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CFPB seeking legislative fix to give it clear MLA examination authority

The CFPB announced yesterday that it has transmitted a proposal to Congress that would give it clear authority to conduct supervisory examinations for compliance with the Military Lending Act (MLA).

Last fall, former CFPB Acting Director Mulvaney reportedly announced that he planned to end routine examinations for MLA compliance because the Dodd-Frank Act did not give the CFPB the authority to conduct such examinations.  For the reasons we detailed, we agreed with Acting Director Mulvaney’s reading of Dodd-Frank.  As we observed, while the MLA gives the CFPB authority to enforce the MLA, nothing in the plain language of the MLA or Dodd-Frank currently gives the CFPB authority to conduct MLA examinations.  As might be expected, Mr. Mulvaney’s plan met with strong criticism from Democratic lawmakers and state attorneys general, who asserted that the CFPB did possess the requisite examination authority.

The CFPB’s legislative proposal would amend Sections 1024 and 1025 of Dodd-Frank which establish the CFPB’s supervisory authority as to, respectively, non-banks and banks with more than $10 billion in total assets.  It would add a substantially similar provision to each section that would provide that the CFPB has “nonexclusive authority to require reports and conduct examinations on a periodic basis…for the purposes of—”

  • assessing compliance with the MLA
  • obtaining information about the non-bank or bank’s activities and compliance systems or procedures
  • detecting and assessing risks to consumers and to markets for consumer financial products and services.

The proposal would also add language to Section 1026 of Dodd-Frank which addresses the CFPB’s supervisory authority as to banks with $10 billion or less in total assets to provide that the CFPB (1) can include its examiners in examinations performed by a bank’s prudential regulator to assess not only the bank’s compliance with “Federal consumer financial law” but also MLA compliance, and (2) the requirement for the CFPB to notify a bank’s prudential regulator and recommend appropriate action when it has reason to believe the bank has engaged in potential violations includes not only material violations of a “Federal consumer financial law” but also material violations of the MLA.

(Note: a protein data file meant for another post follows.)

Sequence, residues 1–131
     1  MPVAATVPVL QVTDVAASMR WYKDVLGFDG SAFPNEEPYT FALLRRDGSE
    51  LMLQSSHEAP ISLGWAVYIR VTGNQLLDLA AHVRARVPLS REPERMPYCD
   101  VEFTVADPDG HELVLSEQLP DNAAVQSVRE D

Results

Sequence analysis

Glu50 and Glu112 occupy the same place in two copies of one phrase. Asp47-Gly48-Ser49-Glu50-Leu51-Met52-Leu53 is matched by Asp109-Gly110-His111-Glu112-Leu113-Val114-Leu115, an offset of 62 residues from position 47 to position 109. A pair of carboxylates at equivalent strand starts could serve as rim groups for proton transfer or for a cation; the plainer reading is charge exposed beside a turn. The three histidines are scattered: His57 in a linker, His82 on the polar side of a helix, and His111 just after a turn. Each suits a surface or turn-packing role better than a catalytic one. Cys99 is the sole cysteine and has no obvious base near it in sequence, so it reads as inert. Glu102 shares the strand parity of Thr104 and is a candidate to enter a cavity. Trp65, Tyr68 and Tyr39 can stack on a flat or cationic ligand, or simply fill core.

Copyright © by Ballard Spahr LLP

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Culhane, Ballard, Partner
Partner

John L. Culhane, Jr., is known for his work advising on interstate direct and indirect consumer and residential mortgage loan and leasing programs, through both traditional brick-and-mortar facilities and e-commerce. Before joining Ballard Spahr, Mr. Culhane was associate counsel with Mellon Bank, N.A.; associate counsel with Bank of America NT&SA; and senior attorney (section chief) with the National Credit Union Administration, the federal agency regulating federal credit unions.

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Anthony Kaye, Ballard Spahr Law Firm, New York, Business Litigation Attorney
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Anthony C. Kaye focuses on business litigation and complex civil litigation at both the trial and appellate levels in federal and state courts throughout the United States. Mr. Kaye has defended high-stakes, complex matters in a wide variety of areas, including consumer financial and mortgage banking services, intellectual property, business governance disputes, communications, product liability and mass torts, and real estate and construction.

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